• The CDC says the new COVID-19 strain may be in the U.S.
  • The new variant may be 70% more transmissible
  • The mutation may also make children more susceptible to coronavirus

The new coronavirus strain that was first detected in the United Kingdom may already be spreading across the United States, according to the Centers for Disease Control and Prevention.

On Tuesday, the CDC said the variant has yet to be found in the U.S. However, American scientists have only sequenced viruses from 51,000 of the 18.2 million cases across the nation, which means the new strain may be circulating without notice.

“Ongoing travel between the United Kingdom and the United States, as well as the high prevalence of this variant among current UK infections, increase the likelihood of importation,” the CDC said in a statement. “Given the small fraction of US infections that have been sequenced, the variant could already be in the United States without having been detected.”

The new COVID-19 strain, which is being referred to as “B.1.1.7,” first came to the attention of researchers in December after the variant was found in many samples taken from areas in southern England. The samples were subsequently found to have been collected from patients in September.

The new strain accounts for 60% of recent cases in London and other areas in the U.K.

The new variant has been found to have 23 mutations, according to the CDC. While 23 mutations do not make COVID-19 deadlier, they could make the virus up to 70% more transmissible.

"Based on these mutations, this variant strain has been predicted to potentially be more rapidly transmissible than other circulating strains of SARS-CoV-2," the CDC said.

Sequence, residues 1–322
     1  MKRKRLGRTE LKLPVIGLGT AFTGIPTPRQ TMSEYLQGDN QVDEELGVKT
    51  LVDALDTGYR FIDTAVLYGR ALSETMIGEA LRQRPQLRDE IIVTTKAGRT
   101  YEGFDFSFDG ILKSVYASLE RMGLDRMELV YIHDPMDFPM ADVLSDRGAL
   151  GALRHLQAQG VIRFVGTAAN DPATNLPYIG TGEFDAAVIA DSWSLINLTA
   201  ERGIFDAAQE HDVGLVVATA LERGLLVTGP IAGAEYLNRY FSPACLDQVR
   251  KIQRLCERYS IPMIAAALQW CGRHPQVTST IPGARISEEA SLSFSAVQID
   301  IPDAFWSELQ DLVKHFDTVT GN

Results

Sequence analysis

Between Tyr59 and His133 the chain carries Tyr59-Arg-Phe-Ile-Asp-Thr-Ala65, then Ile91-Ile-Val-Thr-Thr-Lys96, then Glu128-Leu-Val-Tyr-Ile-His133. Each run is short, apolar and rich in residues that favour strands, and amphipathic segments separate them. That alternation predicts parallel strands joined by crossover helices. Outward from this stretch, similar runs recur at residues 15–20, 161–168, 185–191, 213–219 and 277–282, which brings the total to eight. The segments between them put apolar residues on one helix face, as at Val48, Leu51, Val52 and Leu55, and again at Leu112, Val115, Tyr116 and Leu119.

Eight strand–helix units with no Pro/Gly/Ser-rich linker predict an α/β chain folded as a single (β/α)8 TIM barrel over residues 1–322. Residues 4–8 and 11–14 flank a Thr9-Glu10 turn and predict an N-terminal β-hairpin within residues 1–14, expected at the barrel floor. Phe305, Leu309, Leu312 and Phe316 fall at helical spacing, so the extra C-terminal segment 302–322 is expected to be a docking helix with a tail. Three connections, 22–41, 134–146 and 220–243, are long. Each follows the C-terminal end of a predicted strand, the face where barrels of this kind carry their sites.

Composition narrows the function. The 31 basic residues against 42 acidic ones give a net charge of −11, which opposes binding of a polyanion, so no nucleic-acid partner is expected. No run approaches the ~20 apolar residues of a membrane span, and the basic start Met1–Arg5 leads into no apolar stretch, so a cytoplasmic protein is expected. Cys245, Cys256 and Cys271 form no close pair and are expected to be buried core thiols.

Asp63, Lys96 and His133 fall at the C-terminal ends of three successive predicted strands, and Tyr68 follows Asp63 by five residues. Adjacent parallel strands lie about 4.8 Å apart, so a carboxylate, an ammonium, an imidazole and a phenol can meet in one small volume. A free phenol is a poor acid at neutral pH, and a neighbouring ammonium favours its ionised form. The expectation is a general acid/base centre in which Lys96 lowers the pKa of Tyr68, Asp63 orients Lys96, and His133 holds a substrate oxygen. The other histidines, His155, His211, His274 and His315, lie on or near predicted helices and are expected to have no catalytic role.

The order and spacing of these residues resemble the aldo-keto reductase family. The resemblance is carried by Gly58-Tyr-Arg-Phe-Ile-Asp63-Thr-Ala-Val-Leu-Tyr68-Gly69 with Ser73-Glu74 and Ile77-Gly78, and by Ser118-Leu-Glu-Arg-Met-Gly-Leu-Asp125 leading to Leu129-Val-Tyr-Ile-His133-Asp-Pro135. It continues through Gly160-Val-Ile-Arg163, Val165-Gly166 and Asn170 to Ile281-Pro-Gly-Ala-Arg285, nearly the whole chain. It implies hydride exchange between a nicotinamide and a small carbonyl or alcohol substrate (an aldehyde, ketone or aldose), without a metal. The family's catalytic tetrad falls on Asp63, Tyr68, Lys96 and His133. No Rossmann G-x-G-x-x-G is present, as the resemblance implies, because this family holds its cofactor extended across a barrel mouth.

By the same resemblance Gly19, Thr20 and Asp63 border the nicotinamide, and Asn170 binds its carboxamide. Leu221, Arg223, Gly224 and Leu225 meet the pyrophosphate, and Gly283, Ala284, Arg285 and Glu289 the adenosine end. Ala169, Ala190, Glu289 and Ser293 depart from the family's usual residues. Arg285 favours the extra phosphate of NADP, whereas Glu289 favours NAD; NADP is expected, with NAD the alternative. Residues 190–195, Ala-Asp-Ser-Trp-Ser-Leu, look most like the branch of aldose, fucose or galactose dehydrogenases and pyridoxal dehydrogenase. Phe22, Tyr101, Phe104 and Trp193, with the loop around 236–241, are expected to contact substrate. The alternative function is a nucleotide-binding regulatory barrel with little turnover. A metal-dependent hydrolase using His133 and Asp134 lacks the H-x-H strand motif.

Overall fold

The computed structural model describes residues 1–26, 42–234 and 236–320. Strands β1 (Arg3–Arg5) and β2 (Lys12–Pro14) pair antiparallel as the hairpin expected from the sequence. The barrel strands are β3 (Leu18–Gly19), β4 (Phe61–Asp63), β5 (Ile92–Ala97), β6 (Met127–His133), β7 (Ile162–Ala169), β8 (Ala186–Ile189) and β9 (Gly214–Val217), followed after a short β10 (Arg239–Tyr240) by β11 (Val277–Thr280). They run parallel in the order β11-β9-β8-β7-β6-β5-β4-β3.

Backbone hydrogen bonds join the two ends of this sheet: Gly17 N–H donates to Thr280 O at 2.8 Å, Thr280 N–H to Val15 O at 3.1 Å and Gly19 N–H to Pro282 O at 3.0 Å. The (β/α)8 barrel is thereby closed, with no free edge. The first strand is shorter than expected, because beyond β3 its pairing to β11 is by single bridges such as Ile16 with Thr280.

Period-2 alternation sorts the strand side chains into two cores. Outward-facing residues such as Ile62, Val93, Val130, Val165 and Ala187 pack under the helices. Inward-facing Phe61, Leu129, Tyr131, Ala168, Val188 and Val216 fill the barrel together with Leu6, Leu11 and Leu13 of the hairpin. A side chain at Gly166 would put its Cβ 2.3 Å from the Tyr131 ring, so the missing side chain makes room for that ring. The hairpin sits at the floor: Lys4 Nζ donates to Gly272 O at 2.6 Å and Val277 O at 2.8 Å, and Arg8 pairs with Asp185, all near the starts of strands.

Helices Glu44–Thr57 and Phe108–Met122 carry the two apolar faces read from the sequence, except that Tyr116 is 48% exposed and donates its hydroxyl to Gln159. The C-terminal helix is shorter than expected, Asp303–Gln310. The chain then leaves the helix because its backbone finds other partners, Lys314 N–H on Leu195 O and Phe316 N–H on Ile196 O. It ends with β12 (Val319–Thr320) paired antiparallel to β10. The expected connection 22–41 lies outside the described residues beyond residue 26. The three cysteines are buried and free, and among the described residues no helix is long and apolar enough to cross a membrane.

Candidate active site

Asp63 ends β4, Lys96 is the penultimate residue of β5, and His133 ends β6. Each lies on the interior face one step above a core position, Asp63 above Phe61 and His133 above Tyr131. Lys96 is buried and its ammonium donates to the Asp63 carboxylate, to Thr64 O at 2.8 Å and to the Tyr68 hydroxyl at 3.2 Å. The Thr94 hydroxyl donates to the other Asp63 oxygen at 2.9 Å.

The new strain also has been detected in several countries outside the U.K., including Denmark, Belgium, Italy and Australia. Researchers in South Africa have also detected a similar but separate COVID-19 variant.

Many of the coronavirus cases affected by this variant involved people under the age of 60. Patients younger than 60 are often asymptomatic, according to CNN Senior Medical Correspondent Elizabeth Cohen.

“That may be why this is spreading so quickly -- or part of the reason -- is that many of these people aren't showing symptoms, so they're running around and spreading it," she said.

Some scientists, including Imperial College London virologist Wendy Barclay, also believe the new strain could potentially make children as susceptible to infection as adults.

Authorities in Thailand are weighing whether to impose a wider coronavirus lockdown after a major outbreak at a seafood market
Authorities in Thailand are weighing whether to impose a wider coronavirus lockdown after a major outbreak at a seafood market AFP / Jack TAYLOR